H. CREATING SPACE FOR CIVIL SOCIETY: The Holy Seehighlighted the role of cultural and religious associations infacilitating interaction between the individual, communities andGovernments.


In Section D (Role of the UN and the UN system), Austria called forreference to the ongoing process of UN reform, and policy dialogueson social development between the UN and the Bretton Woodsinstitutions. Regarding follow-up, she noted the need for:effective regional initiatives; themes and timetables; clear policyrecommendations by the Secretary-General for monitoring; countrystrategies; and clear priorities and procedures for the Commissionon Social Development. The US stated that national expenditures andinternational institutions should be targeted to meet basic humanneeds. Mexico called for a clear indication of goals. Switzerlandunderscored national responsibility for implementing the Programmeof Action.

NGO STATEMENTS: The International Confederation of FreeTrade Unions noted the role of trade unions in defining andrealizing social progress. The Asia Pacific Caucus calledfor a clear definition of social development. The AmericanAssociation of Retired Persons thanked the Secretariat forincorporating reference to the contributions of older people insociety. The International Council on Social Welfare calledfor a summary of the specific implementation provisions.


The Chair, Amb. Wlosowicz (Poland), convened a brief meeting toannounce completion of his consultations on the proposedorganization for the Summit. A formal decision on the Summit'sschedule will be taken at a later date. At issue is whetherhigh-level special representatives of Heads of State or Governmentmay speak during the meeting of Heads of State, and the length ofthis meeting (two or three days).


The "Friends of the Chair" met Wednesday evening to discuss a paperon elements for the draft Declaration, prepared by PrepCom ChairJuan Somava. The draft contains four parts: Introduction; Currentsocial situation and reasons for the Summit; Principles, commonvalues and goals; and Commitments. There are nine commitments:promotion of social progress and enhancement of the humancondition; eradication of poverty in the shortest period possible;enabling all people to earn livelihoods through freely chosenemployment; promotion of social integration; achievement of fullequality between men and women; promotion of the economic, socialand human development of Africa and the least developed countries;"socially-oriented" structural adjustment programmes; generation ofsufficient resources; and improvement of the international economicenvironment and international financial assistance.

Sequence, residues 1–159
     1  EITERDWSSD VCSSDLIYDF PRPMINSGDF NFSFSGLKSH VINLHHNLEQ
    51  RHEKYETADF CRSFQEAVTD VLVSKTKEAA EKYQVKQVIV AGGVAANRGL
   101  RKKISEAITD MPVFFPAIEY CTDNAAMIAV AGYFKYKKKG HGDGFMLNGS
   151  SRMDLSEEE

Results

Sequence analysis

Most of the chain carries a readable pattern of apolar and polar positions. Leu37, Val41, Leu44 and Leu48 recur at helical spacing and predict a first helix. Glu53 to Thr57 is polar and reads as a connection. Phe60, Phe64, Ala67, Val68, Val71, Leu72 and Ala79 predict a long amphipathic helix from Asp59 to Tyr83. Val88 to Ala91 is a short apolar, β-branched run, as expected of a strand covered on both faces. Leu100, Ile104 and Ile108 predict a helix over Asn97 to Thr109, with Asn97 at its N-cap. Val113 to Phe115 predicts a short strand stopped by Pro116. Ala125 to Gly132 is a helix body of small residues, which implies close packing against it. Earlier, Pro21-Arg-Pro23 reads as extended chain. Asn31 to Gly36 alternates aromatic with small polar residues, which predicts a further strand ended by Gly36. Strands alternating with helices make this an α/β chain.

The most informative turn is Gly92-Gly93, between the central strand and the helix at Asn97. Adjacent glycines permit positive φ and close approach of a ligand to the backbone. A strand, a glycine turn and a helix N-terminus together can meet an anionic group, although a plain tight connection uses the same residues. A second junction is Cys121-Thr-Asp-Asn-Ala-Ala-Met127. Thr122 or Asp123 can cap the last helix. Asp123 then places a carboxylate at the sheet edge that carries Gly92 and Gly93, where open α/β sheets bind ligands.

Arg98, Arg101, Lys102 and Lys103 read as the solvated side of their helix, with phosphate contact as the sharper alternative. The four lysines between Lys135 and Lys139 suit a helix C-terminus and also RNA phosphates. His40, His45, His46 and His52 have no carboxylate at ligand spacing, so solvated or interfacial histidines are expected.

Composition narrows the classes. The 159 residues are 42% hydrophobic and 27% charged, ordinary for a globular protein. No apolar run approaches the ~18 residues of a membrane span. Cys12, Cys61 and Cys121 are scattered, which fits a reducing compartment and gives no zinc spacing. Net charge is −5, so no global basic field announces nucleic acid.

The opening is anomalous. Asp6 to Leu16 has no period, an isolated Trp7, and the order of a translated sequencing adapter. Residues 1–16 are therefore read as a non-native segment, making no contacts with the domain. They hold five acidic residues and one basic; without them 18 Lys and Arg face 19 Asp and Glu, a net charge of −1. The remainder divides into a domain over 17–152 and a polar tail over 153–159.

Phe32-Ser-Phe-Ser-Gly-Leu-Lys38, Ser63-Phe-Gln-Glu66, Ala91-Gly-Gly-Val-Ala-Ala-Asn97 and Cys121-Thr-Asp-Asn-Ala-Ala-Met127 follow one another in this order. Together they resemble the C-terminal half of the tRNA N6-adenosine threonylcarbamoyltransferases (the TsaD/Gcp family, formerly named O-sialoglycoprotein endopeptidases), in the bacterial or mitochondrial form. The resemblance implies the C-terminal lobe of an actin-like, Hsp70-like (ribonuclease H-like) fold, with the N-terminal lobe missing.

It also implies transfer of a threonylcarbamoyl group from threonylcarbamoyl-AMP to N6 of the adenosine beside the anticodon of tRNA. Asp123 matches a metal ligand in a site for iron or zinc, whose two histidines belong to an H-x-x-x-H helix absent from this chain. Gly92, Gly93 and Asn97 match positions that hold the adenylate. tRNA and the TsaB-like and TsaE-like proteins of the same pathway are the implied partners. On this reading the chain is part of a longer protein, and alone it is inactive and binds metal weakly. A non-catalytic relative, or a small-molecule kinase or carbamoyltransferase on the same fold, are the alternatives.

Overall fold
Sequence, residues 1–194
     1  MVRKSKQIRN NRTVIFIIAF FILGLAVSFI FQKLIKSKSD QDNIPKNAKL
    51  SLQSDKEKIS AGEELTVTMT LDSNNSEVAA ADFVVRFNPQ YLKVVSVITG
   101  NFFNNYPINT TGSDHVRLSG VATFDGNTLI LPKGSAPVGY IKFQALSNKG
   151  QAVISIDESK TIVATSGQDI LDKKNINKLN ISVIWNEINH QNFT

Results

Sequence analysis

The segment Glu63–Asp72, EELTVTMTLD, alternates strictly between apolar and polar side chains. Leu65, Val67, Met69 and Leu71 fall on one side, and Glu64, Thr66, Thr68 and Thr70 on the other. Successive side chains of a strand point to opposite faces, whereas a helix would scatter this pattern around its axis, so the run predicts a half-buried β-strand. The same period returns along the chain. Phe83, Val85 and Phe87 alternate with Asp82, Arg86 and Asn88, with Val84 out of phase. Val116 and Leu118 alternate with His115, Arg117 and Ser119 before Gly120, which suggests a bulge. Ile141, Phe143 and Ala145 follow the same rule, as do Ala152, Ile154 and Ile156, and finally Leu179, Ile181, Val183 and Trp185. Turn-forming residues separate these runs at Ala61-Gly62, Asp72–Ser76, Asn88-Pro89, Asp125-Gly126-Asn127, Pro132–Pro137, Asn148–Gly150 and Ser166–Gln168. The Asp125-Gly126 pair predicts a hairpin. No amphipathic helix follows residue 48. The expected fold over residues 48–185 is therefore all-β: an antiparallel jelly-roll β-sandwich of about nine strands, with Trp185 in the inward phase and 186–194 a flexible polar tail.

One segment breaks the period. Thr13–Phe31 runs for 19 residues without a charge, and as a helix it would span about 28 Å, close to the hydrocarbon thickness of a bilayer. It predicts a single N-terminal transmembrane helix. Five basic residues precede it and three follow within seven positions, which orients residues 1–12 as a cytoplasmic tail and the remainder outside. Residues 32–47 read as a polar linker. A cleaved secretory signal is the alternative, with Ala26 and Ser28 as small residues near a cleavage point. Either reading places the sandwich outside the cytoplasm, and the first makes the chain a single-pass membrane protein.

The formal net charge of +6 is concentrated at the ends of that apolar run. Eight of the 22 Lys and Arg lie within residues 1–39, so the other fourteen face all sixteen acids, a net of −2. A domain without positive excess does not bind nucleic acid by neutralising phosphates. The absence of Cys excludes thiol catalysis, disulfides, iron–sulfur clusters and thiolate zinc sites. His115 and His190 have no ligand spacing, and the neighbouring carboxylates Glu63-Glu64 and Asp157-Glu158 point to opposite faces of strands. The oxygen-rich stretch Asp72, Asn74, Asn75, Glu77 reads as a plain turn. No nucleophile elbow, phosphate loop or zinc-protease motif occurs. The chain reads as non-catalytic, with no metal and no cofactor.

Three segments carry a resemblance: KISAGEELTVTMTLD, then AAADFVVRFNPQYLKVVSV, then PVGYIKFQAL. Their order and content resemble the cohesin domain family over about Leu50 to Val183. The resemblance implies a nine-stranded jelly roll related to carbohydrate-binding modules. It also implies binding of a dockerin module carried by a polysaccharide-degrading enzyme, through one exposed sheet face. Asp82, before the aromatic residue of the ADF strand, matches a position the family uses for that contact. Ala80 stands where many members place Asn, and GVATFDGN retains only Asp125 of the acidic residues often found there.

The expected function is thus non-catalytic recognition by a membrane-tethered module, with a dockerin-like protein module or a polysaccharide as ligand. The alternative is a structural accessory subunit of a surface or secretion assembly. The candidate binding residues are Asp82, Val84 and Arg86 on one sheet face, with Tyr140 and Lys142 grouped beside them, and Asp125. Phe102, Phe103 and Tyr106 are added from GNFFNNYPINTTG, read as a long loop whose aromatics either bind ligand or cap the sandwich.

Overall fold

The initial reaction of delegates to this document was positive,although many thought it should be shortened. NGOs were seensmiling in the corridors while reading "this dream document."


COMMITTEE OF THE WHOLE: The Committee will commence withChapter V, Means of implementation and follow-up. On Wednesdayevening, the Chair estimated that the draft text, with theamendments, will be 200-250 pages long. There will also bediscussions on intersessional work to facilitate the work atPrepCom III. The starting point will be Amb. Richell's proposal foran open-ended "Friends of the Chair" group to produce a new draftby 1 November 1994.

PLENARY: The Plenary will convene at 3:00 pm to consider theitems addressed by the Open-Ended Working Group: the draft Rules ofProcedure and preparations for the Summit. The Chair is alsoexpected to formally introduce his paper, "Elements for the draftDeclaration," which should be available today in all languages asA/CONF.166/PC/CRP.3.

UNDP PRESENTATION: Dr. Mahbub ul Haq, Special Adviser to theUNDP Administrator, will speak on "New Imperatives of HumanSecurity," today at 1:00 pm in Conference Room 3.


National governments
Negotiating blocs
African Union
European Union
Group of 77 and China
Non-state coalitions